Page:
The country’s biggest port here at Tauranga risks running out of capacity if it doesn’t get the green light very soon for a long-mooted container berth extension.
The extension has been planned since 2018 and is considered by export and import leaders to be “critical” in New Zealand’s infrastructure as freight volumes balloon. The consent is now awaiting a resource consent hearing date in the Environment Court, according to a New Zealand Herald report by Andrea Fox.
It was declined for the government’s shovel-ready and Covid fast-track infrastructure project programmes in 2020 and 2021 respectively.
The project has lost a year through these unsuccessful processes, and now the port is “running very tight in terms of capacity matching volume demand”, according to chief executive Leonard Sampson.
It was likely to run out of capacity in 2024-2025 if current annual compound freight growth continues. The berth will take up to two and half years to build.
Leaders of some of the country’s biggest earning export industries say they’re concerned about the threat to the port’s container handling capacity. They’re urging the Government to urgently recognise the delay issue. The NZX-listed port handles 42 per cent of New Zealand’s container traffic.
On the drawing board since the Sulphur Point container terminal was developed in the early 1990s, the 220 metre extension would allow more big ships to berth and provide capacity for an extra 800,000 to 1 million containers to be handled – or as Sampson puts it, a decade-plus of growth headroom.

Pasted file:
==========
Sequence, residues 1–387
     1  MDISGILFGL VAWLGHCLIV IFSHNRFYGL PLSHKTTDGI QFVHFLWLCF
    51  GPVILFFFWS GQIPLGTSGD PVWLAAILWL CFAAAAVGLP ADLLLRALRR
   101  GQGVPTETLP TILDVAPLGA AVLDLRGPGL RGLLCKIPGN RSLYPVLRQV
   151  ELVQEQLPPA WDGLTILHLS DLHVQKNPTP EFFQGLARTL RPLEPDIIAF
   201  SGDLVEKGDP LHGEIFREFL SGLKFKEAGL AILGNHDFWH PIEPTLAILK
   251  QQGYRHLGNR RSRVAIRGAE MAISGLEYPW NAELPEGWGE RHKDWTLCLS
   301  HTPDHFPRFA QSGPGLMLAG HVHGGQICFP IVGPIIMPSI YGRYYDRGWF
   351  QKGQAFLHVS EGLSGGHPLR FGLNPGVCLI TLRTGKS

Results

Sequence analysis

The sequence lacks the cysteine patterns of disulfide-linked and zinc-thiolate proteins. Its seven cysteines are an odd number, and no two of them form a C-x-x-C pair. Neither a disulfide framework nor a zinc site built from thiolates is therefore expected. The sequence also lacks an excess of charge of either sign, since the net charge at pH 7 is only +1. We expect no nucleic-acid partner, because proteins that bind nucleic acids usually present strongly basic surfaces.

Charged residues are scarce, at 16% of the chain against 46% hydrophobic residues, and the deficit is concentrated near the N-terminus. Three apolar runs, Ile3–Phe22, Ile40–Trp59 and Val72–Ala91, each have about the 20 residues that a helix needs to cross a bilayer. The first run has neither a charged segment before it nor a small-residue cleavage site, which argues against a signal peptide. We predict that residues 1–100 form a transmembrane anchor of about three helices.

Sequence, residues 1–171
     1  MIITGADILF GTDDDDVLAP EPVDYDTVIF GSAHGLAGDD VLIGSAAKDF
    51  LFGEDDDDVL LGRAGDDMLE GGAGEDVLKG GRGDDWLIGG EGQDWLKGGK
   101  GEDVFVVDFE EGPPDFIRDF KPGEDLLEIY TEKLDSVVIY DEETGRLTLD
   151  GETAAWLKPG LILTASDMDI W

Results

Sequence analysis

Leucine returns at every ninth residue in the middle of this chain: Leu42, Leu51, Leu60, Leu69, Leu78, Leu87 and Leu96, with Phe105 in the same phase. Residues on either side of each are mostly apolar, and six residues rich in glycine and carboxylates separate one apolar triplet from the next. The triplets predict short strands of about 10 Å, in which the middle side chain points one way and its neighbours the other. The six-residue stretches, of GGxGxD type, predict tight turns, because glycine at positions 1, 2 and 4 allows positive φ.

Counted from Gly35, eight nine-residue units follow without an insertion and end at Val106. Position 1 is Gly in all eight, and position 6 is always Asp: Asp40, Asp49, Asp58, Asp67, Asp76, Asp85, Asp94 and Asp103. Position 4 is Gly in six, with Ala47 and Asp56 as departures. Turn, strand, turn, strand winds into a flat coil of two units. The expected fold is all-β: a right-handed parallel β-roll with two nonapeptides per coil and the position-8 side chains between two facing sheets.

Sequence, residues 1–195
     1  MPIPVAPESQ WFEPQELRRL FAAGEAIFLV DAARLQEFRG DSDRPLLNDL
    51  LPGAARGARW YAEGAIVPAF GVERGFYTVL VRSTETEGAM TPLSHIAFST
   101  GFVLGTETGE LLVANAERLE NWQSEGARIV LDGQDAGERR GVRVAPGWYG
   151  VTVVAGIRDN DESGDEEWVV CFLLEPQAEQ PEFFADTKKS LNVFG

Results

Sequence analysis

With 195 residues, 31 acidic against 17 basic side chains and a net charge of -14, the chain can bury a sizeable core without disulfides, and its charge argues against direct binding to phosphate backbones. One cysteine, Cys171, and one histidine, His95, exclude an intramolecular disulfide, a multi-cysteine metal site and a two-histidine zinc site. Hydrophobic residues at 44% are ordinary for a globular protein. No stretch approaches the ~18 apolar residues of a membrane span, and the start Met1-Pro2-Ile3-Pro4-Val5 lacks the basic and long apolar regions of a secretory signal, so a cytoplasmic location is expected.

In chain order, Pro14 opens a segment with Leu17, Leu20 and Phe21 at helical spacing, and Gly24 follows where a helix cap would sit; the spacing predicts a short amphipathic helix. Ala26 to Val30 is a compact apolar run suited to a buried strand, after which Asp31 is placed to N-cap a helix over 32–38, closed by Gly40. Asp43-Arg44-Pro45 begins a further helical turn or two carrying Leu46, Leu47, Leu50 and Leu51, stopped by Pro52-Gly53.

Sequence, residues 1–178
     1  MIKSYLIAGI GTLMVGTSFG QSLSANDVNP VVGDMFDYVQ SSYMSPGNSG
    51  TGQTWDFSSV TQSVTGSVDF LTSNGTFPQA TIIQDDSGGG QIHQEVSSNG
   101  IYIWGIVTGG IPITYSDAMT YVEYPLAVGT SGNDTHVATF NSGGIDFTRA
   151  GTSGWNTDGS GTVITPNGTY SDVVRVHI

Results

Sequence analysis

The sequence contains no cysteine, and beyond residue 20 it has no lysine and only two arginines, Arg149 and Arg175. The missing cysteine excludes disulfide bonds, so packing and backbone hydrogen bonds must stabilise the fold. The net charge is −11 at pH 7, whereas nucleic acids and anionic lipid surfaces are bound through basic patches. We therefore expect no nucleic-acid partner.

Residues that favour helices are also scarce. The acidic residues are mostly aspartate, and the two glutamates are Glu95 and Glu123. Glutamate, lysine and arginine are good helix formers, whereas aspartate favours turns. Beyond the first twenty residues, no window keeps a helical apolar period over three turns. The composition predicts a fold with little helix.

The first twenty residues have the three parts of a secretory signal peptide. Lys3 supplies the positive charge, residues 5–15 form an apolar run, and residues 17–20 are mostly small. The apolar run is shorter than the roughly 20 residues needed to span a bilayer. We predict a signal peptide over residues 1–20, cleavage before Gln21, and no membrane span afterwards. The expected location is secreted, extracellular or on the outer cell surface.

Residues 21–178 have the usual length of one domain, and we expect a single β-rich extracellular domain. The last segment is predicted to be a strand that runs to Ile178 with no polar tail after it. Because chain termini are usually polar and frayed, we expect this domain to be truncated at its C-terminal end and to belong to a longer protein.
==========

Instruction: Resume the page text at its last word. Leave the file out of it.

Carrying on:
Container traffic increasing
In 2018 when Port of Tauranga called in Netherlands-based global container terminal experts TBA to analyse its capacity, the port was handling just over 1 million containers a year, said Sampson. It’s now handling 1.25 million.
“They identified in terms of the current footprint that without the additional berth we had capacity for around 1.5 million TEU (20 foot equivalent) containers.
“Compound annual growth over the past five years has been 7.4 per cent … delay in getting consent means we are running very tight in terms of capacity in matching volume demand,” said Sampson. “If we continue growth of seven percent we will run out of capacity in around three years.”
“We have a construction 2 to 2.5-year timeframe so we have a very short period of time before it starts causing challenges.”
The port’s resource consent application is for a total of 380 metres of berth development at Sulphur Point and the Mount Maunganui wharves opposite. But the priority job is a first stage 220 metre extension to the existing terminal wharf at Sulphur Point. The $68m build would create 368 jobs during construction and 81 permanent jobs on completion, according to the New Zealand Herald report.
Sampson said there are no plans currently to develop the Mount Maunganui side, but the port needs to be ready to develop other berths according to cargo demand.
“Most people don’t seem to realise we are just talking about a berth (at Sulphur Point) on an existing (structure) which is already being used for the port. There’s a big rock wall there at the moment, part of the sea wall reclaimed when Sulphur Point was built. Some dredging is required but only a small amount. Most of the dredging is already consented.”
Meanwhile, major port users are concerned about the delay in a start on the berth, which when added to the existing 770 metre container wharf, would make the quay about 1000 metre long, improving tie up space for current sized big container vessels, but also providing for future ship size growth.